SGA Elections to be held on Friday, presidency unchallenged

Ben Page-Gil.


For at least the third consecutive year, the Student Government Association presidential candidate will not have a challenger. Ben Page-Gil, a junior communication and political science double major from Highland Mills, NY., will run unopposed. Additionally, executive vice president, vice president of administration and finance and chief justice have one candidate running for each position. There are four candidates running for vice president of university affairs.

Campaigning began on Friday, giving the candidates one week to campaign.

Jessica Borcky, SGA’s outgoing president, said changes to the organization’s constitution made two years ago increased the necessary qualifications required to run for president, which is the reason why the last several presidential elections have seen one candidate run.

Unlike every other position, a presidential candidate must have been a member of SGA’s executive cabinet for at least one year.

“There’s a lot of information that you learn as an executive cabinet member that proves very beneficial once you are president,” Borcky said. “So that’s definitely one of the reasons that limits the number of candidates.”

Currently, Page-Gil is SGA’s vice president of administration and finance. He said increasing student involvement within SGA will be a primary focus next year.

“If we can really galvanize this incoming freshman class to get involved and stay involved, then we can really work on the next freshman class,” Page-Gil said. “Then we’ll have half the university. And if we keep getting the new classes involved, everything will get better from there on out.”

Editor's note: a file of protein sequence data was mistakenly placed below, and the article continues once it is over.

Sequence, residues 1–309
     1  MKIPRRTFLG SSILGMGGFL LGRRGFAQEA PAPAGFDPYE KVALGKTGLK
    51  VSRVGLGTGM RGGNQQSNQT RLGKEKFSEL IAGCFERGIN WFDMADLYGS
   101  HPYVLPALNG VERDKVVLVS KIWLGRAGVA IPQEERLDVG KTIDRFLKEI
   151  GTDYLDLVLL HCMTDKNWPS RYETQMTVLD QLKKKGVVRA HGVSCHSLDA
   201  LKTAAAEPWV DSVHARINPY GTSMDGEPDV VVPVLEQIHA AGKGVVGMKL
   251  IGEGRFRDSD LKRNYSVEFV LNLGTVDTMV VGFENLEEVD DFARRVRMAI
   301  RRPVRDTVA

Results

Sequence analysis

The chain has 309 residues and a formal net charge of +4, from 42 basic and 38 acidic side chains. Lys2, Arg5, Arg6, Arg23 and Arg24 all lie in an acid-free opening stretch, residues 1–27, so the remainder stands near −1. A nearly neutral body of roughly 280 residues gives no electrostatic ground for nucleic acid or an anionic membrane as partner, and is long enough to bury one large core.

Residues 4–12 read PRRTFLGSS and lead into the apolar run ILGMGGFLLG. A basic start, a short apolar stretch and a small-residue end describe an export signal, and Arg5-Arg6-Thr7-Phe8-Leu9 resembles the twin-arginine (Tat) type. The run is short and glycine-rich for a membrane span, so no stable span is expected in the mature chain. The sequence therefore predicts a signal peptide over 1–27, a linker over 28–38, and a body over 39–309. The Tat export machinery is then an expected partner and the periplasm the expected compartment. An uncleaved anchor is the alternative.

During his term as president, Page-Gil said he hopes to continue implementing a tobacco ban on campus. According to the American NonSmokers’ Rights Foundation, there are currently 811 tobacco-free campuses in the nation.

In 2012, a poll conducted by SGA showed 72 percent of the student body supported making the university a tobacco free-campus. The survey had 2,202 student responses, roughly 13 percent of the total undergraduate student body.

Although the tobacco ban has already been passed through Senate, Page-Gil said no determinations have been made as of yet by campus administrators regarding how widespread the effects of the ban will be.

He said the goal of SGA is to make the entire campus tobacco free, but the policy may start with certain sections of campus banning tobacco and eventually transition into a full tobacco ban in the future.

“I think Delaware is a little behind the ball right now,” Page-Gil said. “There are already a lot of other institutions across the United States that have had the policy enacted for a long time. Our motto is ‘Dare to be First,’ but we weren’t first on this.”

In regard to future policies, Page-Gil said he would “dare to be first” in implementation.

Additionally, Page-Gil said his goals for next year include lowering the cost for tutoring services on campus and to get the university to look into renovating the Morris Library. The library, he said, is too small for the expanding student population to effectively utilize.

Helping Page-Gil push SGA’s agenda will be junior Danielle Imhoff, who is running unopposed for executive vice president, which is the same position she currently holds. Imhoff said she plans to support Page-Gil’s efforts to further implement the tobacco ban.

The duo have known each other since freshman year when they both joined SGA.

“Ben is one of my best friends,” Imhoff said. “It’s been a really nice progression for both of us. We need to keep looking forward and continue to learn things about how to work with one another. I think we’ll be a really good pair.”

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